Customisation is one of the primary advantages of 3D printing technology because it adds significant value to the process without incurring additional costs. This is an attractive proposition for many custom consumer goods, but another sector where it makes a huge difference is in the medical industry.
A new application developed at Glasgow Caledonian University is a great example of just this — a team there are using a range of technologies, including 3D printing, to overcome patient’s orthopaedic problems — specifically in the foot and ankle. The team uses motion sensor cameras to determine exact foot measurements from which they produce insoles and supports to meet the specific patient’s needs.
The data from the motion sensor camera is used to create a 3D image, which is translated into a physical product using 3D printers. Traditionally, making foot and ankle supports is a long and laborious process — a model of the foot is made, often from plaster and then plastic is moulded around it by hand — which can take up to six weeks. Using a 3D printer this process is cut down to few hours and can be offered as a same day service for people visiting the doctor.
“We want to make these products specifically for the patients’ own impairment and walking difficulties,” said Glasgow Caledonian University Professor Jim Woodburn. “The most exciting part of the project is that the computer design is then transferred to a 3D printer. What we have is complete control of the manufacturing process.”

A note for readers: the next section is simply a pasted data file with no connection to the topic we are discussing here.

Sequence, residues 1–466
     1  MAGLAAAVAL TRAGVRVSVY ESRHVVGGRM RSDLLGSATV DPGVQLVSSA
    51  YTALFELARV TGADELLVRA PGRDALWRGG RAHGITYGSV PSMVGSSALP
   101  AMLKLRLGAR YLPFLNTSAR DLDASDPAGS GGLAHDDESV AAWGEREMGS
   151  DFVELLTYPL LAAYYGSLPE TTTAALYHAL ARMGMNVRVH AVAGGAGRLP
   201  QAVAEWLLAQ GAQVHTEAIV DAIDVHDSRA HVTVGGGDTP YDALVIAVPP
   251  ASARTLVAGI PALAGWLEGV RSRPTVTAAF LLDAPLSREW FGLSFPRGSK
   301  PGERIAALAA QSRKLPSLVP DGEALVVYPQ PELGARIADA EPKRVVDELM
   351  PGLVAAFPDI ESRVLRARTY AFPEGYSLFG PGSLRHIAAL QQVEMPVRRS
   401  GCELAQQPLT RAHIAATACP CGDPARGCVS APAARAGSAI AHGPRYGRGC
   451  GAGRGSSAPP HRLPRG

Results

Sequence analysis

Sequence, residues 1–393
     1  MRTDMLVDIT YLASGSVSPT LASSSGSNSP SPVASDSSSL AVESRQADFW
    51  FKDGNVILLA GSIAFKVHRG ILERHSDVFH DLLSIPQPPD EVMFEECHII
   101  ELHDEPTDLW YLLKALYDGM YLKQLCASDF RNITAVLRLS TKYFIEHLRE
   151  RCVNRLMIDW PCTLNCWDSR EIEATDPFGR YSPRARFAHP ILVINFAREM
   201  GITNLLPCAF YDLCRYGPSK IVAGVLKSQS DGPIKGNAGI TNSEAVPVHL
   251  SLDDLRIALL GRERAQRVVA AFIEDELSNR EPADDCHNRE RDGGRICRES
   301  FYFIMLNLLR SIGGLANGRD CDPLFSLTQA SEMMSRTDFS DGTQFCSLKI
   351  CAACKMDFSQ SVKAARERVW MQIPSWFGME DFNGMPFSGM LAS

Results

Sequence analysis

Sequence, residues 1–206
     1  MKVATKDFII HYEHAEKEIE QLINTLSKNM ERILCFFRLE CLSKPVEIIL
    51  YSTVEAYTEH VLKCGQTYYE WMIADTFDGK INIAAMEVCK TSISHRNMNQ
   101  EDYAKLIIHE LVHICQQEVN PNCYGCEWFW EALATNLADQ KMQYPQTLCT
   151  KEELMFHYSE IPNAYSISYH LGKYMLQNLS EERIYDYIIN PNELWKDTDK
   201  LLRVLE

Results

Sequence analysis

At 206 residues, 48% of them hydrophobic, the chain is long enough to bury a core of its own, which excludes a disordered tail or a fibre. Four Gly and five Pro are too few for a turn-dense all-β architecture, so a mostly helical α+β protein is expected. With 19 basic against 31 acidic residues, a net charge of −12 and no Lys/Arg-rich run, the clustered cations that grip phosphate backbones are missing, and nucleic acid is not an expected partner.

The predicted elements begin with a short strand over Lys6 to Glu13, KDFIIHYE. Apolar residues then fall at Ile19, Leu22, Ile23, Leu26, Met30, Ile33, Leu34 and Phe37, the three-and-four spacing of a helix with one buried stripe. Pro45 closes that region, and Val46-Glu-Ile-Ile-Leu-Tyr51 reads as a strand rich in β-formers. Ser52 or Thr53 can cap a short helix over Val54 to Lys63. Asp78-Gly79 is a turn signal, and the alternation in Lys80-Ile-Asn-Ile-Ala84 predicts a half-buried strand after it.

In a wider context, 3D printing technology has led to the creation of highly accurate models that are used to aid scientists and doctors in studying the human body. Similar modelling is used with CT scans to replicate structures in actual patients and act as models that are used in planning for delicate orthopaedic operations or to evaluate patients’ conditions.
This new process — targeting people with impairment or walking difficulties — has the potential to bring relief to around 200 million sufferers in Europe alone. The European Union has provided the project a £3 million grant for continued research.